ed. It is still the quiet, stolid, patient Belgian look that one sees in scores, in hundreds, all around.

And now they are carrying him tenderly on to the Red Cross ship drawn up at the station pier, and after a while we all go back and try and finish our coffee.

Barely have we sat down again before more shouts are heard.

Immediately, everybody is up and out on to the station, and another motor car, full of soldiers, comes dashing in under the great glassed roofs.

Excitement rises to fever heat now.

Out of the car is dragged a German.

And one can never forget one's first German. Never shall I forget that wounded Uhlan! One of his hands is shot off, his face is black with smoke and dirt and powder, across his cheek is a dark, heavy mark where a Belgian had struck him for trying to throttle one of his captors in the car.

He is a wretch, a brute. He has been caught with the Red Cross on one arm, and a revolver in one pocket. But there is yet something cruelly magnificent about the fellow, as he puts on that tremendous swagger, and marches down the long platform between two lines of foes to meet his fate.

As he passes very close to me, I look right into his face, and it is imprinted on my memory for all time.

He is a big, typical Uhlan, with round close-cropped head, blue eyes, arrogant lips, large ears, big and heavy of build. But what impresses me is that he is no coward.

He knows his destiny. He will be shot for a certainty-shot for wearing the Red Cross while carrying weapons. But he really is a splendid devil as he goes strutting down the long platform between the gendarmes, all alone among his enemies, alone in the last moments of his life. Then a door opens. He passes in. The door shuts. He will be seen no more!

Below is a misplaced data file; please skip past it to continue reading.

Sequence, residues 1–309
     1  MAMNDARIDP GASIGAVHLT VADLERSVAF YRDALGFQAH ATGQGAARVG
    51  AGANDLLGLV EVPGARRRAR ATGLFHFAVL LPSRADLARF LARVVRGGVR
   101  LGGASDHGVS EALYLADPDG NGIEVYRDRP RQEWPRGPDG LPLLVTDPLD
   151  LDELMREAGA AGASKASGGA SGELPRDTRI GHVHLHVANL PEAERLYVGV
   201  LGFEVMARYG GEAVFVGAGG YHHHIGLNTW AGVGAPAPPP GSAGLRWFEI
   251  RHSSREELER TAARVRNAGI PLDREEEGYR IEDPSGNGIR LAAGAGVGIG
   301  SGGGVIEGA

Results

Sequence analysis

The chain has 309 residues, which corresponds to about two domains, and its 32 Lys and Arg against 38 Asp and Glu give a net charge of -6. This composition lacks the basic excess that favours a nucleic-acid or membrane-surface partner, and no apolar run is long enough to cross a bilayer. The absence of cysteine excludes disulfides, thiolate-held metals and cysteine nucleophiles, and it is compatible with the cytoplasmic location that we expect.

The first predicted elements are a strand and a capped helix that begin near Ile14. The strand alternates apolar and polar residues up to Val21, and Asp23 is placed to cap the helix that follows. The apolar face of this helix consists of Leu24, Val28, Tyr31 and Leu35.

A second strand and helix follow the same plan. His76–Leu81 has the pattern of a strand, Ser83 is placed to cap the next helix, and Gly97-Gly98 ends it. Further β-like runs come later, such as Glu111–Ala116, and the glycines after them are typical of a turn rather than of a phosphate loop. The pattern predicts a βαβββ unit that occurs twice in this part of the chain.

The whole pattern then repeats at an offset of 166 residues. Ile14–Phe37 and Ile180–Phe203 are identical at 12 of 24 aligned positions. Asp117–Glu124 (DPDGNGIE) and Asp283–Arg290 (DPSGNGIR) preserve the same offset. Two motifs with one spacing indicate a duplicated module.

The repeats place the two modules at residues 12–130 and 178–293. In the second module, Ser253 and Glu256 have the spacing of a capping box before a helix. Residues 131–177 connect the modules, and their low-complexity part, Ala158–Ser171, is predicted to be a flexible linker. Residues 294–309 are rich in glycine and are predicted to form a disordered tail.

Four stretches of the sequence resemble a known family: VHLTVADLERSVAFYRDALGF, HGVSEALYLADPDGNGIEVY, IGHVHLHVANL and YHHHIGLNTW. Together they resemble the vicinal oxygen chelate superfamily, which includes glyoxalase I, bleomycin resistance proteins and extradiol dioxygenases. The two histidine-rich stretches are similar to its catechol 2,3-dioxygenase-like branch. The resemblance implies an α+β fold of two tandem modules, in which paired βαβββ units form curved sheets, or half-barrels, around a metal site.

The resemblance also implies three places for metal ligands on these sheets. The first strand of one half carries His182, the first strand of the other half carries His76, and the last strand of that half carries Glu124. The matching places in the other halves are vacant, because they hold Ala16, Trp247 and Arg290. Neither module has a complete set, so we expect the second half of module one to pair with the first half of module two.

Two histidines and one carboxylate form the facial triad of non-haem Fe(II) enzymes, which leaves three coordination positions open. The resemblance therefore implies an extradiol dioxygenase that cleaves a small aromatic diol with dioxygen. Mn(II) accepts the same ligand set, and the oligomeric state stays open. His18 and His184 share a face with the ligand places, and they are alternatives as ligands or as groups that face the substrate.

All is panic now. We know the truth. The Germans have made a sudden sortie, and are attacking just at the edge of Ostend.

The gendarmes are fighting them, and are keeping them back.

Then a boy scout rushes in on a motor cycle, and asks for the Red Cross to be sent out at once; and then and there it musters in the dining-room of the Hotel, and rushes off in motor cars to the scene of action.

Then another car dashes in with another Uhlan, who has been shot in the back.

And now I watch the Belgians lifting their enemy out. All look of fight goes out of their faces, as they raise him just as gently, just as tenderly as they have raised their own wounded man a few moments ago, and carry him on to their Red Cross ship, just as carefully and pitifully.

"Quick! Quick!" A War-Correspondent hastens up. "There's not a minute to lose. The Kaiser has given orders that all English War-Correspondents will be shot on sight. The Germans will be here any minute. They will cut the telegraph wires, stop the boats, and shoot everyone connected with a newspaper."

The prospect finally drives us, with a panic-stricken crowd, on to the boat. And so, exactly six hours after we landed, we rush back again to England. Among the crowd are Italians, Belgians, British and a couple of Americans. An old Franciscan priest sits down, and philosophically tucks into a hearty lunch. Belgian priests crouch about in attitudes of great depression.

Poor priests!

They know how the Germans treat priests in this well-named "Holy War!"